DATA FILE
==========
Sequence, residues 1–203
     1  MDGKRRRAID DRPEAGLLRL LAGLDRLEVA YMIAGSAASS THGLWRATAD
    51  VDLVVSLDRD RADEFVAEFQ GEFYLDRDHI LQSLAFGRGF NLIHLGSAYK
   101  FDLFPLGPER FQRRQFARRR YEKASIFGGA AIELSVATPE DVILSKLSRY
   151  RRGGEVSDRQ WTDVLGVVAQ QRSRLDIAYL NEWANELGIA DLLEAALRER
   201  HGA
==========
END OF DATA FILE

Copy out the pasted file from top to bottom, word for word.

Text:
Sequence, residues 1–203
     1  MDGKRRRAID DRPEAGLLRL LAGLDRLEVA YMIAGSAASS THGLWRATAD
    51  VDLVVSLDRD RADEFVAEFQ GEFYLDRDHI LQSLAFGRGF NLIHLGSAYK
   101  FDLFPLGPER FQRRQFARRR YEKASIFGGA AIELSVATPE DVILSKLSRY
   151  RRGGEVSDRQ WTDVLGVVAQ QRSRLDIAYL NEWANELGIA DLLEAALRER
   201  HGA